Law enforcement officials say the recent increase can be linked to two factors. They say the Prescription Drug Monitoring Program and changes in pill makeup make it harder for users to crush and smoke it.
"The Prescription Drug Monitoring Program, and again a very positive thing for our community, but it stopped the doctor shop, the abuse of the pills and the access of the pills to begin with. We have the same number of people who are addicted yet they need treatment, so they're self treating by switching over to heroin," said Chief Mark Holtzman, Hagerstown Police Department.
After every heroin overdose case the Washington County Narcotics Task Force interviews users to learn where the drugs are coming from and who's using. They say some users are as young as 15-years-old.
"That's quite alarming when you have kids that are that young that are addicted because this isn't something they're going to be able to kick the habit by themselves," said Sheriff Doug Mullendore, Washington County Sheriff's Office.
"We do know we've had at least two cases where it was fentanyl that was sold as heroin. And so when you get that and you're taking a different drug other than what you think you've purchased that chances of an overdose are pretty high," said Mullendore.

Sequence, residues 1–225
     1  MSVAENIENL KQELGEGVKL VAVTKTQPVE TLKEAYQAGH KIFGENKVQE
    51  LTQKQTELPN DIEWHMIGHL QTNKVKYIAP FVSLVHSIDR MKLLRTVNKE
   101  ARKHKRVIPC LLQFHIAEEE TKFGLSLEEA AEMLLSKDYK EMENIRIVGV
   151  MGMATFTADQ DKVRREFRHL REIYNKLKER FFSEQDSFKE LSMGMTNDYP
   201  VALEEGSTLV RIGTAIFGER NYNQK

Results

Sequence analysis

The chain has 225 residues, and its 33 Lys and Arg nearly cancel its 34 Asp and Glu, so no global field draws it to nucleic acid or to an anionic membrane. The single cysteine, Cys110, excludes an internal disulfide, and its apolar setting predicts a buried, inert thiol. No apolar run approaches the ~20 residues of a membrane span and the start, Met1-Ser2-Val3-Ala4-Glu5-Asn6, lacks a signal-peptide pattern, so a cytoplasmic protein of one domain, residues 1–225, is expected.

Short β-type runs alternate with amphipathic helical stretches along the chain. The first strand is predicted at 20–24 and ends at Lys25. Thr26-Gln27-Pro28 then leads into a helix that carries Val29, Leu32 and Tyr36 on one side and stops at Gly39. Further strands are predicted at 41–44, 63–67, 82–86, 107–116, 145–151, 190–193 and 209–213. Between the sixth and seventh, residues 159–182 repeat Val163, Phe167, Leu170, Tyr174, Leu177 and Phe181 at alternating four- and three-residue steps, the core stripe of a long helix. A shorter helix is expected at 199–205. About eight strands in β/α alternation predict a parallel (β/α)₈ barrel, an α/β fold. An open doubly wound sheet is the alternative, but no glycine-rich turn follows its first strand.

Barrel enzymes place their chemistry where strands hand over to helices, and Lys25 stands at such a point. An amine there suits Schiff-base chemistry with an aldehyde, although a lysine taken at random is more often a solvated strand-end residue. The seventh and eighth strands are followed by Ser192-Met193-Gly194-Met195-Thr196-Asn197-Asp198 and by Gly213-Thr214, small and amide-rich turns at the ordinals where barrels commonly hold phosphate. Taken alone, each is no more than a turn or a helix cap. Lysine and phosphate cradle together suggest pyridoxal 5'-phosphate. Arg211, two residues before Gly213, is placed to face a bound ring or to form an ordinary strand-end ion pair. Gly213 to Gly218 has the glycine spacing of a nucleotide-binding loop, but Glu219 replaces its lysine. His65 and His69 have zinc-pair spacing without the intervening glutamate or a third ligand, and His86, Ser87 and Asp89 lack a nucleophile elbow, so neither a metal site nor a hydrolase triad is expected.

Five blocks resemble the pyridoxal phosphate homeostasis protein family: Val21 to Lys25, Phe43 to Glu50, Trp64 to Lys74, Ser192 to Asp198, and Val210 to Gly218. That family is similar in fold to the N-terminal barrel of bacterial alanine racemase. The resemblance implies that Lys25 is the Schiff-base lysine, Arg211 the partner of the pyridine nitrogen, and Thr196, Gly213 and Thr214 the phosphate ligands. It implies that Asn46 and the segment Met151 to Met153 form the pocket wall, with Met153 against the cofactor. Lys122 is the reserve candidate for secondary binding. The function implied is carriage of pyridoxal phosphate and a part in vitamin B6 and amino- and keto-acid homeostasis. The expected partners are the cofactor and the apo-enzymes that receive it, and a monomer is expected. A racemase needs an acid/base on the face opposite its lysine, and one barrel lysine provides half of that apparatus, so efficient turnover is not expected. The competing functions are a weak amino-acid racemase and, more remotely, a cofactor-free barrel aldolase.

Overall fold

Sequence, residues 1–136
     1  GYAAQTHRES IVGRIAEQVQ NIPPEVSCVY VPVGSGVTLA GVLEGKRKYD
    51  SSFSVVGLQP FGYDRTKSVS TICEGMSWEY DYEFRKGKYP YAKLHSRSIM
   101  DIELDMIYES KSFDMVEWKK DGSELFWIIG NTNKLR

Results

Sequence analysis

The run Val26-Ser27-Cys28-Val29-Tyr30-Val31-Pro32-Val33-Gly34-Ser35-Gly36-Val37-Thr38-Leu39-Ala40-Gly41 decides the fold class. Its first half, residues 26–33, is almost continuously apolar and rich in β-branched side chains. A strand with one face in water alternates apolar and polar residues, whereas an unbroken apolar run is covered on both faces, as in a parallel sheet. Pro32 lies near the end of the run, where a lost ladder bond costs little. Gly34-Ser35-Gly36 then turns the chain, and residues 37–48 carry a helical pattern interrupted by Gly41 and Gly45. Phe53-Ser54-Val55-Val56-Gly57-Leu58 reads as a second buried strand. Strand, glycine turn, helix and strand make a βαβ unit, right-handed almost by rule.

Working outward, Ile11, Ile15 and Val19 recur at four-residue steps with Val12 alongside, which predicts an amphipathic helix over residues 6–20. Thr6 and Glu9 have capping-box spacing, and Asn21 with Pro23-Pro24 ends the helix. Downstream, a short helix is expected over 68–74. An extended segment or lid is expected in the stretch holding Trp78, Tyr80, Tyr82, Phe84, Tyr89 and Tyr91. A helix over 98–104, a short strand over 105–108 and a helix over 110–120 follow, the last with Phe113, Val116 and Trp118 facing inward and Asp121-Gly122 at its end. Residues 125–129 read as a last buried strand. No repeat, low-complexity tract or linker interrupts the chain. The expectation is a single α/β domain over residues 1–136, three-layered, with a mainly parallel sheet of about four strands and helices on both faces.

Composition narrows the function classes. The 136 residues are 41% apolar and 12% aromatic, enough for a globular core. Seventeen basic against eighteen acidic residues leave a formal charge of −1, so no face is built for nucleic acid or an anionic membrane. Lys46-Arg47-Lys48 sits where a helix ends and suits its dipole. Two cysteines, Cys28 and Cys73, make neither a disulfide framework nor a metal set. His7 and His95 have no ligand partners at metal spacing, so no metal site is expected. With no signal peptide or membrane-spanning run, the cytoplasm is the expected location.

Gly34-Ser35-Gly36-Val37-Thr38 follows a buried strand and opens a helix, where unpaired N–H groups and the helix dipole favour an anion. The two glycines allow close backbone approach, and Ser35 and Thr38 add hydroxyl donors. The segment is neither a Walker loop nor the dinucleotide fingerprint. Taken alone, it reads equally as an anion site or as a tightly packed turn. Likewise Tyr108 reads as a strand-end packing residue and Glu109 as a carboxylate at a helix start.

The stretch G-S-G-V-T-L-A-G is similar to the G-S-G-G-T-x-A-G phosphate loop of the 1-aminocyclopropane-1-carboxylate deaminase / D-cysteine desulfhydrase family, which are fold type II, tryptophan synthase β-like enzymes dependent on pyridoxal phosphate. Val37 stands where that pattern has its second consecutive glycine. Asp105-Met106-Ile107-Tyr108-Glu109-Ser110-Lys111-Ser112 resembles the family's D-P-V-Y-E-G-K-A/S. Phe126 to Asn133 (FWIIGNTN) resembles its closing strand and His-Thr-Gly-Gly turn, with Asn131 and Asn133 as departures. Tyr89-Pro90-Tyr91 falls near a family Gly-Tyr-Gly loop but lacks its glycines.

But overall many users are willing to take the risk for the high
"A lot of the people we talk to who have a heroin addiction will tell you that they overdose to get the high. The fact that they die during the overdose really means nothing for them because they need that high, and they need to take more and more to get the high," said Mullendore.
Officers say it'll take the community's help to combat this growing drug trend.
"Sometimes court mandated is the only answer but as equally important is the community as whole through the Health Department, the network of family, friends and other organizations, I think this is going to take a community approach to solve this problem," said Holtzman.
To help prevent prescription drugs from hitting the streets, officers ask that residents take any old or expired prescriptions to the Washington County Sheriff's Office so they can be destroyed properly.